Back from Provence

Such a long gap in my writing is almost unheard of, but the preparations for our annual  holiday, the holiday itself and all the work awaiting us on our return has kept me very busy indeed.

Salers – one of the most beautiful villages in France

Our journey down took us through the cool mountain scenery of the Auvergne, with a night in one of France’s most beautiful villages, Salers. 16th century buildings in dark volcanic stone sit on a hill overlooking pastures full of the local red cattle breed of the same name. Locating them is easy even in the morning mist, with clanking bells dangling from their necks audible over huge distances. After walking in the mountains and countryside for half a day we headed further south to Murat, and a night at the lake below Gustave Eiffel’s wonderful Viaduct de Garabit, built over the river Truyère in 1885. From their it was a six hour drive to our destination in the sun.

We based ourselves in the Provence this year, for a week or so of exploring the sights of the region around Hyères. We rented an appartment on the presquîle de Giens, a paradise for divers, kite surfers and nature lovers, jutting out into the Mediterranean sea near the port of Toulon. I dived a few times with a local club, my first in France and in French.

The land in this region is important horticulturally and nurseries of all kinds fight for space close to tourist villas, salt marshes and vineyards, in an area blessed with a superb climate and high light levels.

Hyères old town

Castel Sainte-Claire

The lovely old town of Hyères contains the villa of the American novelist Edith Wharton, who wintered here annually from 1919 until her death in 1937. Castel Sainte-Claire is open to the public, who are free to wander the terraces of this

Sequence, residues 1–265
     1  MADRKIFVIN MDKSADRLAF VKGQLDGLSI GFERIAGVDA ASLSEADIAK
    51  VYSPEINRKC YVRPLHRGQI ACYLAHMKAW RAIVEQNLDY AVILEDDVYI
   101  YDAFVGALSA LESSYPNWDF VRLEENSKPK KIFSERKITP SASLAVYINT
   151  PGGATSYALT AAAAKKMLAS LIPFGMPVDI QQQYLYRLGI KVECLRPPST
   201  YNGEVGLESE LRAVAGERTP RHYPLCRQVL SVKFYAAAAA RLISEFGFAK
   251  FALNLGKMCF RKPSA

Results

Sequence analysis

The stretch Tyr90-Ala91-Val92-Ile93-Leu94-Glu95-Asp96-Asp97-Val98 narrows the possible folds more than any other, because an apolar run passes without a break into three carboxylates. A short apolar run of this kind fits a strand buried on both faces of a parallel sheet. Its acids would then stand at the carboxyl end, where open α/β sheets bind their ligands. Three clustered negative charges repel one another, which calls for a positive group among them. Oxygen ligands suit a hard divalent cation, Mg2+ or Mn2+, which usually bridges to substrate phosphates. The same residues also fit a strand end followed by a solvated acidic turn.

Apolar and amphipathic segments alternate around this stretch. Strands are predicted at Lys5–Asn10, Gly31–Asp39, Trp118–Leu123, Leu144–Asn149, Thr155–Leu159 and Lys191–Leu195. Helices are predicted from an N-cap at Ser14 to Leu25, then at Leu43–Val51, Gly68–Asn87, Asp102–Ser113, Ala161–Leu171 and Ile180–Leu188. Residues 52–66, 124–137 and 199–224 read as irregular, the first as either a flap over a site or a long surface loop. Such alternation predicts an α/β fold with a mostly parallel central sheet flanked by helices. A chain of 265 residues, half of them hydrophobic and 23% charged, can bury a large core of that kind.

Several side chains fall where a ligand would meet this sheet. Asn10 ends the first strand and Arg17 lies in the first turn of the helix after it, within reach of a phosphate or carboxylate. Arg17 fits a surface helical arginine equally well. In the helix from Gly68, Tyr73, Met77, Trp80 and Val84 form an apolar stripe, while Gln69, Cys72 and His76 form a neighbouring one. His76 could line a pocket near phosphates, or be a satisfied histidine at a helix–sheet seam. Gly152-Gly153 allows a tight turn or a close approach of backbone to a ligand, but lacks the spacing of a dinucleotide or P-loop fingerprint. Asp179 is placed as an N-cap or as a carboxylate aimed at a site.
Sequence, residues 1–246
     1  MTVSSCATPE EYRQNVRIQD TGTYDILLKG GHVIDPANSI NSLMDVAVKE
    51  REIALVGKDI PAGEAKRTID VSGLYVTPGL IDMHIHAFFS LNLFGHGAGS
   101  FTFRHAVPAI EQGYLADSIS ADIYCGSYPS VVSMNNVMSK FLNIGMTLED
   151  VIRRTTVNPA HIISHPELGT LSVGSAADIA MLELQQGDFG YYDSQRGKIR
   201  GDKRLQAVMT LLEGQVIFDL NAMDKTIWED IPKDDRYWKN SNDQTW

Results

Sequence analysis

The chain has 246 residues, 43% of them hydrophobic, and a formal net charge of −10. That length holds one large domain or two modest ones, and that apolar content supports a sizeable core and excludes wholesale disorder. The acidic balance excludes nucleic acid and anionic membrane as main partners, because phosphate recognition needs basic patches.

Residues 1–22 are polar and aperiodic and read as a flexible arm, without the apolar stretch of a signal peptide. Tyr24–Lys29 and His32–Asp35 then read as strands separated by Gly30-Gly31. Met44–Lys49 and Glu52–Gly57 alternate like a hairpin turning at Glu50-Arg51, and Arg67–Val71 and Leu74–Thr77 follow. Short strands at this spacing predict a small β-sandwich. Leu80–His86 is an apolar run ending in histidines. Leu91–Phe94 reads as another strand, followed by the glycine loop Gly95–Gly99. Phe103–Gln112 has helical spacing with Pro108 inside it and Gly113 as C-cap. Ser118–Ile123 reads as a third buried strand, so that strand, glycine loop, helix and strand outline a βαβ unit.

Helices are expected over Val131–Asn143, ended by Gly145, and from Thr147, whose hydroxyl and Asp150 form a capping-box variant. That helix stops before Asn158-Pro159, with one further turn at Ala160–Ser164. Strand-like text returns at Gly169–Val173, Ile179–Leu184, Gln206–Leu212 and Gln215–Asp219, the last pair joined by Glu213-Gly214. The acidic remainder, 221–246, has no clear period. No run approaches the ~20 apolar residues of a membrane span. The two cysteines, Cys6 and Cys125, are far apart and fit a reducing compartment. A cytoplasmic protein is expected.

very atypical garden, full of tender plants.

I spotted a slection South American plants alongside native species – Lantana in many colours and huge bushes of Erythrina crista-galli. Many Salvia species were in flower but the rare Salvia divinorum formed large, flowerless bushes. Natives includes Santolina, Lavender, Phlomis and a host of plants adapted to the dry climate, often highly scented and covered  in insect life.

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Picking up the pieces – the joys and frustrations of the spring garden

Easter weekend; it’s cooler than we would like but the predicted rains did not come, much to the pleasure of visitors and the disappointment of local gardeners, who have not seen rain in months. The annual Donkey Fair and flea market took over the streets of nearby Poulaine, a huge success, attracting crowds of locals and weekend trippers from as far away as the capital, Paris.

Cherry blossom time in central France

Local gardens, ours included, are bursting with spring blossom – Daffs and tulips going over, Cherries at their peak and Lilac just starting – distracting the eye from the damage caused by the single tough week of winter we experienced this year. Each day we are out there, checking for signs of life from plants which look like they will never recover. And each day there is another happy discovery of tiny buds opening at the base of an otherwise lifeless shrub, or shoots pushing up from a bare patch of ground.

Once the extent of the problem is clear I can get out the secateurs, cutting out dead wood to make way for new healthy shots. Santolina was hard pruned a couple of weeks ago and is now covered with tiny green leaves; Phlomis, both P. fruticosa and P. purpurea, have recently had the same treatment. Reddish buds are expanding all along the shots of the flowering Pomegranate, Punica granatum ‘Rubrum Flore Pleno’, a fine little plant given to me by a local gardener. I have since successfully taken cuttings from a large shrub in a friend’s garden and those too are budding up.

Still a few Tulis around

Our three Phygelius varieties are all now starting to grow from ground level and today I spotted buds at the base of the hardy Fuchsia magellanica gracilis ‘Tricolor’. As exciting as all this is, there are also disappointments. Two varieties of Phormium look as if they have departed this world, along with Hebe Great Orme and a white flowering species whose name escapes me for the moment. You can knock me over with a feather if life returns to our Leycesteria Golden Lanterns: such a pity.